#InternationalBooker2024: Crooked Plow by Itamar Vieira Junior (tr. Johnny Lorenz)

Bibiana and Belonísia are sisters in a community of tenant farmers in northern Brazil. An accident with a knife when they are young leaves Belonísia without a tongue, which comes to represent the farmers’ own lack of voice. Belonísia narrates:

I liked hearing the word “plow” enunciated; it’s a strong, resonant word… But the sound that came from my mouth was an aberration, chaotic, as if the severed chunk of my tongue had been replaced by a hard-boiled egg. My voice was a crooked plow, deformed, penetrating the soil only to leave it infertile, ravaged, destroyed.

Translated from Portuguese by Johnny Lorenz

The tale that unfolds reaches outwards in the person of Bibiana, who leaves the community for a time and gains a greater sense of politics. It also reaches inwards in the person of Belonísia, whose journey is more spiritual.

The first two parts of Crooked Plow are narrated respectively by the two sisters. I was particularly struck by the third part, which is narrated by a spirit conjured forth by their father, a healer. The spirit’s perspective allows this part of the book to take an overview that the rest cannot, adding further dimensions to the story – and the novel’s final image is with me still, both in itself and for what it represents.

Published by Verso Books.

Click here to read my other posts on the 2024 International Booker Prize.

#InternationalBooker2024: Kairos by Jenny Erpenbeck (tr. Michael Hofmann)

According to Jenny Erpenbeck’s novel, Kairos is “the god of fortunate moments”. The chance moment that sets this story in motion occurs in East Berlin in 1986, as two characters meet on a bus: Katharina, a 19-year-old student; and Hans, a married man older than her father. They fall in love and begin an affair, and their thoughts are slightly to one side of each other from the start:

From now on, he thinks, the responsibility for their existence is entirely hers. He has to protect himself from himself. Maybe she’s a monster?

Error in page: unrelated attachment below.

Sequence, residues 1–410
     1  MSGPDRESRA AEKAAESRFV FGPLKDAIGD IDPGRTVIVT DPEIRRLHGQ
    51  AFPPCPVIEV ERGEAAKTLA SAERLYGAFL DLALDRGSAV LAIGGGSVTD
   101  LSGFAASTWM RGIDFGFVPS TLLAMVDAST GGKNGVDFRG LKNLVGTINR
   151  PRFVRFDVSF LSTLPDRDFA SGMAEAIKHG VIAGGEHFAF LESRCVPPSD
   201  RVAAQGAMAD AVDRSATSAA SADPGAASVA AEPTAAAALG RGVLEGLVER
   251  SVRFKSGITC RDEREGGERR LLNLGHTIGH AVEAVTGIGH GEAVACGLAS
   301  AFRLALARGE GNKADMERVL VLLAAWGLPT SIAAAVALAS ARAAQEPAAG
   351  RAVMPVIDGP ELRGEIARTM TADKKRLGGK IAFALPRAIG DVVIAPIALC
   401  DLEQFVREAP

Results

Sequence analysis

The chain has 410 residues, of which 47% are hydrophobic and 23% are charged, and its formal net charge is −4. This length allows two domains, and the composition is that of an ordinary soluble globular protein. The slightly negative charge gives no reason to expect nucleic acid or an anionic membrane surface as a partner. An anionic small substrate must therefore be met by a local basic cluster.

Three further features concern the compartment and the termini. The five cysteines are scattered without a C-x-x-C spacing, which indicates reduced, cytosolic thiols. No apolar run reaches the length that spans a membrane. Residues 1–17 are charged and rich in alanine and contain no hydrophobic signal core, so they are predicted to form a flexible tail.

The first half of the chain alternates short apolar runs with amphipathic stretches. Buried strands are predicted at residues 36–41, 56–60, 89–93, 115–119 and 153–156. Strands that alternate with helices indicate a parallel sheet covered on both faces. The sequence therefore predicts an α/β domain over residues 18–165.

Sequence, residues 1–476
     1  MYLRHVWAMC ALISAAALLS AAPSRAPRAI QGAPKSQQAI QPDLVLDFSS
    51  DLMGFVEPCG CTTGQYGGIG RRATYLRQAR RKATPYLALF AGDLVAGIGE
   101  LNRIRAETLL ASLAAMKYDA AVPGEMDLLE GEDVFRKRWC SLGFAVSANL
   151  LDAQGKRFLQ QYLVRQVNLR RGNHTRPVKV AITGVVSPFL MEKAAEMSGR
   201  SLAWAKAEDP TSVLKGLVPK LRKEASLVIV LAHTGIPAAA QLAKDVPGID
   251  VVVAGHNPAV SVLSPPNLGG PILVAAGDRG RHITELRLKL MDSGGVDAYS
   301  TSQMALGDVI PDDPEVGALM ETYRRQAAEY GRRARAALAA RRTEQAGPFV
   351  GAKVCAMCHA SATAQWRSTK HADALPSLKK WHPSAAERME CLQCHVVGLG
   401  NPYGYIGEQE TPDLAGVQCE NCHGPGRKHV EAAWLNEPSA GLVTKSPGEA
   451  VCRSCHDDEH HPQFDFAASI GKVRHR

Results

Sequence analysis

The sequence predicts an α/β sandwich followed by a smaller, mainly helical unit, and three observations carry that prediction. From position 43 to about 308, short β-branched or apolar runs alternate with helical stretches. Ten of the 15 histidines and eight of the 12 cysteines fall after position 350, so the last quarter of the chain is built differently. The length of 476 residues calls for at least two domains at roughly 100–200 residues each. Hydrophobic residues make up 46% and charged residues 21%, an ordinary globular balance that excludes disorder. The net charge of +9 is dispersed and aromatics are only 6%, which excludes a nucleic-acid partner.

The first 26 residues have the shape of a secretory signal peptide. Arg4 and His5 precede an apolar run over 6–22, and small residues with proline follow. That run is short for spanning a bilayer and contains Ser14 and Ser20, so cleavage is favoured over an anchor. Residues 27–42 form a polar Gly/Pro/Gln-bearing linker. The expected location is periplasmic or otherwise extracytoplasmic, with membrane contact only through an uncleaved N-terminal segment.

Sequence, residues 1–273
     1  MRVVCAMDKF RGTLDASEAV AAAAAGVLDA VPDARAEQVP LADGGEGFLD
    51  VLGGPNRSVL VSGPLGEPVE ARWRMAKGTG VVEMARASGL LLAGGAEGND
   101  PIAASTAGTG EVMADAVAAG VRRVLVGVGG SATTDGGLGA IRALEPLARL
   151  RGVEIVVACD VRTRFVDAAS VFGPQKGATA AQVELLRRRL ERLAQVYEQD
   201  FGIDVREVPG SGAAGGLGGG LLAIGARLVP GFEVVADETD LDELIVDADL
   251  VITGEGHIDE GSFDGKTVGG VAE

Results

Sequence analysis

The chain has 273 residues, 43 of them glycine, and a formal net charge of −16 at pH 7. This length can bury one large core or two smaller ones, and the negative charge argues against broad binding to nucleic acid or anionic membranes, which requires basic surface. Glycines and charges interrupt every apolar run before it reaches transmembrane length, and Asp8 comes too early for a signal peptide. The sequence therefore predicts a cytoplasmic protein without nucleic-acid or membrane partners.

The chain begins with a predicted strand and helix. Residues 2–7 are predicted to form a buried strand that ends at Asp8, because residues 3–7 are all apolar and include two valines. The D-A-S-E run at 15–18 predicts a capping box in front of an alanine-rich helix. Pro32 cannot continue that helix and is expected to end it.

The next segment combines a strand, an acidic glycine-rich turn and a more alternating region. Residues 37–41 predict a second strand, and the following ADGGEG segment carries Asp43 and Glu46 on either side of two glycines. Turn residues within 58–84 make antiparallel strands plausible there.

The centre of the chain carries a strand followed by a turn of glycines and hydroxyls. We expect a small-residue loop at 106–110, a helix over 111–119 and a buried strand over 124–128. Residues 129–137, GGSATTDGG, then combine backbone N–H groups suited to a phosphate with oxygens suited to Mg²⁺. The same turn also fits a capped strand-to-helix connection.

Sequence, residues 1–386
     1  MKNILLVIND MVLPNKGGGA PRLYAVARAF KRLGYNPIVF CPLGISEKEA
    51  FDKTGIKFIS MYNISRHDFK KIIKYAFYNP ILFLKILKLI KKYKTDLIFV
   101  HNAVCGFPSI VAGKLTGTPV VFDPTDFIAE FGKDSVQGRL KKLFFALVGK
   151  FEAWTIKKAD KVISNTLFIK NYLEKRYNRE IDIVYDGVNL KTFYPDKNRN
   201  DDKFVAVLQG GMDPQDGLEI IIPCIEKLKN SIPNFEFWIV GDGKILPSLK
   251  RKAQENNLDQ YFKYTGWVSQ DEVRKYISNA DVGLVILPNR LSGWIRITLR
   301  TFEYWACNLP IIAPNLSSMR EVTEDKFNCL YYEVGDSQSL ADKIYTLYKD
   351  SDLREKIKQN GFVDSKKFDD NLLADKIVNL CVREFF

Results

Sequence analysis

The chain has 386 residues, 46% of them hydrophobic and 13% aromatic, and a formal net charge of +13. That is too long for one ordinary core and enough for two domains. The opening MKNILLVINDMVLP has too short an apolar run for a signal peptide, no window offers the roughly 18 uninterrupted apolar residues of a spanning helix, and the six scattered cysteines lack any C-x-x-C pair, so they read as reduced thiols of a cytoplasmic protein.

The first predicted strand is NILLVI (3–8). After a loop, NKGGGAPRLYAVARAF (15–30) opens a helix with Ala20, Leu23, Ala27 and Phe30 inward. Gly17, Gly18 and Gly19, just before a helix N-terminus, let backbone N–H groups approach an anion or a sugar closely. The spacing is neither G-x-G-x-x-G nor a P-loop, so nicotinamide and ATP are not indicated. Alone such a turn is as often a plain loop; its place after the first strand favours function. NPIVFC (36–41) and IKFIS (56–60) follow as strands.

She thinks, he wants to prepare me for difficult times ahead. He wants to protect me. Protect me from myself, and so he gives me the power of decision over us.

He thinks, as long as she wants us, it won’t be wrong.

She thinks, if he leaves everything to me, then he’ll see what love means.

He thinks, she won’t understand what she’s agreed to until much later.

And she, he’s putting himself in my hands.

Translated from German by Michael Hofmann

Over time, the couple’s differences and contradictions emerge more sharply, with Hans emerging as abusive and controlling. In the background, life is changing after the fall of the Berlin Wall. Things don’t necessarily turn out as the characters may have expected, with the reunification or their relationship. 

Kairos does not present a straightforward one-on-one allegory between wider society and the protagonists’ affair. But relationship and society echo each other in the ways that they change, and the result is a novel that opens up further as you venture in. 

Published by Granta.

Click here to read my other posts on the 2024 International Booker Prize.

#InternationalBooker2024: Simpatía by Rodrigo Blanco Calderón (tr. Noel Hernández González and Daniel Hahn)

Ulises Kan bonds with his father-in-law, retired general Martín, over a shared love of dogs:

They’d drive [Martín’s dogs] in the pickup to a park just before Cota Mil and let them run loose. Sometimes Martín would get out with them. At other times, he preferred to watch from his seat in the truck, following their comings and goings, the jumping, the barking, the growling, and the biting, as if they were running at some crazy racecourse. Martín would always come back home happy, as if he had won, or lost, a bet against himself.

Translated from Spanish by Noel Hernández González and Daniel Hahn